Remote, rustic and located in North Luangwa National Park, on the banks of the Mwaleshi river, a 3 hour walk from the confluence with the Luangwa River, Mwaleshi Camp is the brainchild of John and Carol Coppinger, whose love for north Luangwa is reflected in a seasonal camp that is simple, ecologically sound and beautifully run.
A specialist walking safari destination, Mwaleshi Camp is a wood, thatch and reed build, and consists of a main mess area and 4 sleeping rooms. With excellent views of the river, the open-sided chitenje includes a bar, lounge, library and dining area. Outside, there is a raised seating area, complete with camping chairs and hammocks, and further down towards the river there is a fire pit and seating. Even further down, beside the river, there are a couple of loungers.
Food & service
In keeping with Mwaleshi Camp’s ethos, the menu is about quality, and choice is limited to buffets (breakfast and brunch) and afternoon tea, while supper is a 3 course affair, often taken outside. With enough warning, the camp can cater for special diets.
Raised, evenly spaced, overlooking the river, the chalets are rebuilt every year, and so the low reed walls and thatch roofing are fresh, while the inside gets a good out-of-season spring clean. Each room includes a twin bed (with fetching reed headboards), solar power, a bedside table, decking and a separate bathroom. The bathroom is largely open air, consists of a reed-set basin, hot water hatch (through which hot water is delivered mornings and upon request), a shower and flush toilet.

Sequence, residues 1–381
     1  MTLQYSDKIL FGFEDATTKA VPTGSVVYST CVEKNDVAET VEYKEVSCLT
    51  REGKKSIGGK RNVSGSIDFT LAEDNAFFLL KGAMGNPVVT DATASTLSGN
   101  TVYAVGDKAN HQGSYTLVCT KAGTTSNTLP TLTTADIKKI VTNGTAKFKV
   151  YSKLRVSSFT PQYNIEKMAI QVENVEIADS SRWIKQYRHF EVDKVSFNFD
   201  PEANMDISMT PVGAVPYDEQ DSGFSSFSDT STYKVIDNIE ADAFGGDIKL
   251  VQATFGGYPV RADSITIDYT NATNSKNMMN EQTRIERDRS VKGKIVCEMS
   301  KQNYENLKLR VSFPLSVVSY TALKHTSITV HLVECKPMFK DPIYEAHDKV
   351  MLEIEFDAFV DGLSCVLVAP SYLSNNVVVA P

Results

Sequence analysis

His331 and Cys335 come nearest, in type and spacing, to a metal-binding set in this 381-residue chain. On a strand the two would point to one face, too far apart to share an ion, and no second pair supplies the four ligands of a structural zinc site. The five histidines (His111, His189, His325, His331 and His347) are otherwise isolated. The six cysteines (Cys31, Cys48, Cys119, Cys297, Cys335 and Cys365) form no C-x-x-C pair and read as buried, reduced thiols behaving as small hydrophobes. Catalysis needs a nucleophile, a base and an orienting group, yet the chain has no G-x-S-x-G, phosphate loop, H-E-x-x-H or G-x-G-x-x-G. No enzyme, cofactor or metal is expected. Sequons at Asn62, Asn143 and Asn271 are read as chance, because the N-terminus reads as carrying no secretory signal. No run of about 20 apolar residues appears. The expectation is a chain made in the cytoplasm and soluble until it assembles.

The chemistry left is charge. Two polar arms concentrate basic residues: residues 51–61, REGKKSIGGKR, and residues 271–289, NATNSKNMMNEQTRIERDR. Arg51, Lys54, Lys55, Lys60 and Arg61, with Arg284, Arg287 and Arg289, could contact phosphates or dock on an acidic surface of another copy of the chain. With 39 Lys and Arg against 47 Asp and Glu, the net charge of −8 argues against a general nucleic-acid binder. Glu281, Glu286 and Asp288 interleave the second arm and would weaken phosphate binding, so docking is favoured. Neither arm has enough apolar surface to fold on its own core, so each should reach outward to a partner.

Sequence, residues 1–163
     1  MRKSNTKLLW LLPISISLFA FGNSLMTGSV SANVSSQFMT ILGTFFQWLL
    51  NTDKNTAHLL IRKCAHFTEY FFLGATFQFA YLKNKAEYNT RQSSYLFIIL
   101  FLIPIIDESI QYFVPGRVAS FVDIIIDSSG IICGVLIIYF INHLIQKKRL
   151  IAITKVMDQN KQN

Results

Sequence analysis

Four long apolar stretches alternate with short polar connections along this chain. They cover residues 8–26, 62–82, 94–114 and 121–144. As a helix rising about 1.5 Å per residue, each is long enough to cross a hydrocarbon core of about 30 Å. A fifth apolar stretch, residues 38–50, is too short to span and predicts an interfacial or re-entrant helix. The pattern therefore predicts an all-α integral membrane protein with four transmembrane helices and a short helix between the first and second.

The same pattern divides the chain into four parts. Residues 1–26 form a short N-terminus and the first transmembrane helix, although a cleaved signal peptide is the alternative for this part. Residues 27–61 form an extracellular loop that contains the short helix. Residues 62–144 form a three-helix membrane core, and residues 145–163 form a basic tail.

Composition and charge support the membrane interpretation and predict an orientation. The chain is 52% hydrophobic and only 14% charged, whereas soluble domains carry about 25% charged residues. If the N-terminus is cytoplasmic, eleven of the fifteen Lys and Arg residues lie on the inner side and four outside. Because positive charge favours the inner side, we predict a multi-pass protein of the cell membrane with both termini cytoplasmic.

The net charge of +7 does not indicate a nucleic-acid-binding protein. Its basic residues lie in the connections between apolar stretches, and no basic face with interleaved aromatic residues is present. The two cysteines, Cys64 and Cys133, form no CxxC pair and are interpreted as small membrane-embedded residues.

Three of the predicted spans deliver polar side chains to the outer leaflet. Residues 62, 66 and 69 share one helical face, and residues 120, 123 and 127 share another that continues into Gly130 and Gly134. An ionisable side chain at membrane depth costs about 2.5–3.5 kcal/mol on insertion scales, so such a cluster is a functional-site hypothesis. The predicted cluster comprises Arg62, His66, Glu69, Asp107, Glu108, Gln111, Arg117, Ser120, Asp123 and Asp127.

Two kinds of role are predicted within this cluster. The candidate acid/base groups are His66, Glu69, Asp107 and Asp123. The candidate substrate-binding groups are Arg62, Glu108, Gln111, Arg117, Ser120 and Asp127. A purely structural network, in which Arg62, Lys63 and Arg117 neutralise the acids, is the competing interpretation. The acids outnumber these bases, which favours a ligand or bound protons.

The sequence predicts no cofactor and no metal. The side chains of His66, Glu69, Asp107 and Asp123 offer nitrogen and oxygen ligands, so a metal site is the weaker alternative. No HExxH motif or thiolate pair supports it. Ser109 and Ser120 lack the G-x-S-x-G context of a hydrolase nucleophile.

The park is excellent for its birds, includes eastern banded snake eagle, red billed helmet shrike, purple-crested Turaco, and Pearl’s spotted owlet. Also home to Crawshay’s zebra (sub-species of the Burchells) and Cookson’s wildebeest, it has its fair share of wildlife , but it has to be worked for, which makes sightings of lion or leopard that bit more rewarding.
At the time of writing, Mwaleshi’s guiding is led by Brent Harris, who, much like his predecessor Ernst Jacobs, is as good with people as he is at finding animals. In addition, John Coppinger has recently introduced a biannual trek to the source of the Luangwa river, a trip that includes a stay at Mwaleshi.
Best time to visit: mid June through to end October. October is the hottest and driest month, while the rains come in January and last through to March. Mwaleshi Camp is closed from end October through to mid-June. Mwaleshi also links well with Tena Tena, Nkwali and Tafika.
Remote Africa Safaris is actively involved, through the Tafika Fund, in sustainably uplifting the surrounding community. Over the years a number of long-term initiatives have been successfully implemented and maintained. Donations to the Tafika Fund, from generous guests and tour operators are used to assist the (government run) Mkasanga School in a number of ways.
From ongoing building renovation, to the purchase and supply of stationery, textbooks and over 2500 library books, desks, school supplies, additional educational material and the payment of teachers’ salaries, the Tafika Fund makes a significant difference to present lives and future aspirations of Mkasanga scholars.